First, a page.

Doctors write a lot of prescriptions for psychiatric medications.
According to this paper, pharmacies filled 472 million prescriptions for psychiatric medications between August 2006 and July 2007. There weren’t even 472 million people in the United States in that year. (In 2009, there were 307 million people in the country.)
Furthermore, the National Institute of Mental Health has reported that many people have psychiatric conditions. It said that in 2004, 57.7 million people suffered from a diagnosable mental disorder.
Were those 472 million prescriptions written for the 57 million-ish people with diagnosable mental disorders?
What about those prescriptions that were written, but not filled? Were those for individuals with psychiatric diagnoses?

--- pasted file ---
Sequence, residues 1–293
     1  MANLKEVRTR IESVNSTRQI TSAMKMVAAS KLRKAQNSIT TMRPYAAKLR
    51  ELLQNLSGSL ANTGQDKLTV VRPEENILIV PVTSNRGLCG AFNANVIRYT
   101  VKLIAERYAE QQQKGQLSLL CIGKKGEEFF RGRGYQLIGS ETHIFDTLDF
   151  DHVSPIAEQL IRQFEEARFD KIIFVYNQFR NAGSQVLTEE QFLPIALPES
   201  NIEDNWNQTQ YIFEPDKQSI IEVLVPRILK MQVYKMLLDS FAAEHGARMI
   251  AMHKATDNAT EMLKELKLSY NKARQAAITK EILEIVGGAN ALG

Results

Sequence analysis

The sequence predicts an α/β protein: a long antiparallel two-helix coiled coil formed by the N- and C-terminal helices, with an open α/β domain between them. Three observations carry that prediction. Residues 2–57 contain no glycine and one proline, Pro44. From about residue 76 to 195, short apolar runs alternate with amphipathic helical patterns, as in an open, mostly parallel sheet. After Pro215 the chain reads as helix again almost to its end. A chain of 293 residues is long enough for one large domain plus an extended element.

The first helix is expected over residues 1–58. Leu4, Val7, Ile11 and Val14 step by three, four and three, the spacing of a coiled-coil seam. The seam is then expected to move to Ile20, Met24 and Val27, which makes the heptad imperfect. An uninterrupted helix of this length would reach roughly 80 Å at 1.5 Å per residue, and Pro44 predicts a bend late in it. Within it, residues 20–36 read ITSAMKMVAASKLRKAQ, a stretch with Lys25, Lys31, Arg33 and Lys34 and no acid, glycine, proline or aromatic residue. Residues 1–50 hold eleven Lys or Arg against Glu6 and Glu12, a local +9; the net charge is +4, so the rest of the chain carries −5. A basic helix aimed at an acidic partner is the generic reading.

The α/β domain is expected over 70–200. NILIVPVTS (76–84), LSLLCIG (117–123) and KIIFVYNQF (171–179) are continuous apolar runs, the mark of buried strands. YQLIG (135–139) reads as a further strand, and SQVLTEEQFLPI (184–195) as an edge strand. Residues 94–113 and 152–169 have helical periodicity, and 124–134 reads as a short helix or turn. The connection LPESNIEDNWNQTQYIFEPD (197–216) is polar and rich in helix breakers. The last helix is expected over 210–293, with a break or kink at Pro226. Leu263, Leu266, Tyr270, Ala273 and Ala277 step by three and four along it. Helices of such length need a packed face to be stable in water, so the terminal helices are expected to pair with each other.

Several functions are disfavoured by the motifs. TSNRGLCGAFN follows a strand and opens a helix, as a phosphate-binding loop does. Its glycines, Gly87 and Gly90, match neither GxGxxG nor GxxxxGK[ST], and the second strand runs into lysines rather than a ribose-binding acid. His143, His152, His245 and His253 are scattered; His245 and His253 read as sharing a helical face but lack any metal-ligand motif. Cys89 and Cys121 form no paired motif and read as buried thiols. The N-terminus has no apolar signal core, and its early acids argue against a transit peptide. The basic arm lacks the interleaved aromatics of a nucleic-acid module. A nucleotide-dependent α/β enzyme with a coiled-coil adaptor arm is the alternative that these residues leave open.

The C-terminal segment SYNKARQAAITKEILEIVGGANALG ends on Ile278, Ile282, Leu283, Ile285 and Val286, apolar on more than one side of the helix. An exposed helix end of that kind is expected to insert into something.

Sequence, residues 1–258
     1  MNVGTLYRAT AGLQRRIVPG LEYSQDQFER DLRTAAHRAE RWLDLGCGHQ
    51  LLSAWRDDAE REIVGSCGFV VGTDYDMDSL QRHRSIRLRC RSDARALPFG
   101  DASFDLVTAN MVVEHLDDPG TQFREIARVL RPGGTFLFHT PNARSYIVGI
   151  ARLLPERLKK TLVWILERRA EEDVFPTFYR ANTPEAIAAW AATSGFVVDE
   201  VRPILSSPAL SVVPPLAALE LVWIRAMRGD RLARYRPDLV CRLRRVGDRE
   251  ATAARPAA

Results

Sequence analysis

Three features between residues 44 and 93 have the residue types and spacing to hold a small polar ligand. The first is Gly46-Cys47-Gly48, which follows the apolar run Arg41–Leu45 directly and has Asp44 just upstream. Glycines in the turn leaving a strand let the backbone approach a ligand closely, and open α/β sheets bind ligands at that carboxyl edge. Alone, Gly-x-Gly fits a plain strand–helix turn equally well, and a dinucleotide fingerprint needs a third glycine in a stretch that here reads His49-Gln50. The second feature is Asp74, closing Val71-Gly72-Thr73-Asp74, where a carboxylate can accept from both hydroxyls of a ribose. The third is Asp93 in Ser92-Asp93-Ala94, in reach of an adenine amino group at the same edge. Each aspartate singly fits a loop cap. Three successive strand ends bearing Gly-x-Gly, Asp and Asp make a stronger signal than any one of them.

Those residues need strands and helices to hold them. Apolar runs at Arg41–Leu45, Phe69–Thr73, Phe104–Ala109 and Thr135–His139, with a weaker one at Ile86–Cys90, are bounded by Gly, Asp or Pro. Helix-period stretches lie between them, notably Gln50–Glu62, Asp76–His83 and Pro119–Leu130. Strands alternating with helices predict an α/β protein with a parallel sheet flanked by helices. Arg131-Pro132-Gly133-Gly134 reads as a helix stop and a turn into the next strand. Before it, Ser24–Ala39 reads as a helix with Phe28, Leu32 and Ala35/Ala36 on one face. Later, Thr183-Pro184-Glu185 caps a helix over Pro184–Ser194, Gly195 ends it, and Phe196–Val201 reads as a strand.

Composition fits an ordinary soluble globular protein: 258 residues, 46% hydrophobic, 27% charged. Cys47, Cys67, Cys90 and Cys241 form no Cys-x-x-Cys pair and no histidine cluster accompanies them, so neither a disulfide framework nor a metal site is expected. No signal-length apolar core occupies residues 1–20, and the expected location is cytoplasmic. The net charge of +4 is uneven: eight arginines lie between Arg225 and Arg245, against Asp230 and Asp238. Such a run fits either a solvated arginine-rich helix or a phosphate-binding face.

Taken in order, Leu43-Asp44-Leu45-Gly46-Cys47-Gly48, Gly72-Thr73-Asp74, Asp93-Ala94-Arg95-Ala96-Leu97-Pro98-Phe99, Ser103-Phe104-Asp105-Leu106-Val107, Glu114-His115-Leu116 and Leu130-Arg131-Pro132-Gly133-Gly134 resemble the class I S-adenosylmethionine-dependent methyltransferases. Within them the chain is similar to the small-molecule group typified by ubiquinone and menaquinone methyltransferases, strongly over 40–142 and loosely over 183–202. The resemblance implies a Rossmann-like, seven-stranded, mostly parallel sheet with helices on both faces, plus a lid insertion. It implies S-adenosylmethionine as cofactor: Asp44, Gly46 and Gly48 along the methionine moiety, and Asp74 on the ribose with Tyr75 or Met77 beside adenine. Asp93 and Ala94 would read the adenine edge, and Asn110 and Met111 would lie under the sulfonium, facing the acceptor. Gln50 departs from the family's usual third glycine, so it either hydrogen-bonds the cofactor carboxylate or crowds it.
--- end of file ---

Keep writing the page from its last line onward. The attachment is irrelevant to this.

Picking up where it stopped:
Or what about the prescriptions for people who don’t have psychiatric conditions? Were those prescriptions even necessary?
And, of course, what about the people who have psychiatric conditions, but never receive prescriptions?
People understandably express concern about the widespread use of these medications. Do all those people actually need those pills? Just what conditions or symptoms are being treated? Do people ask for these medications, or do doctors reflexively write prescriptions?
Following are some short stories that may help explain why many physicians–for better or worse–write a lot of prescriptions for psychiatric medications for their patients.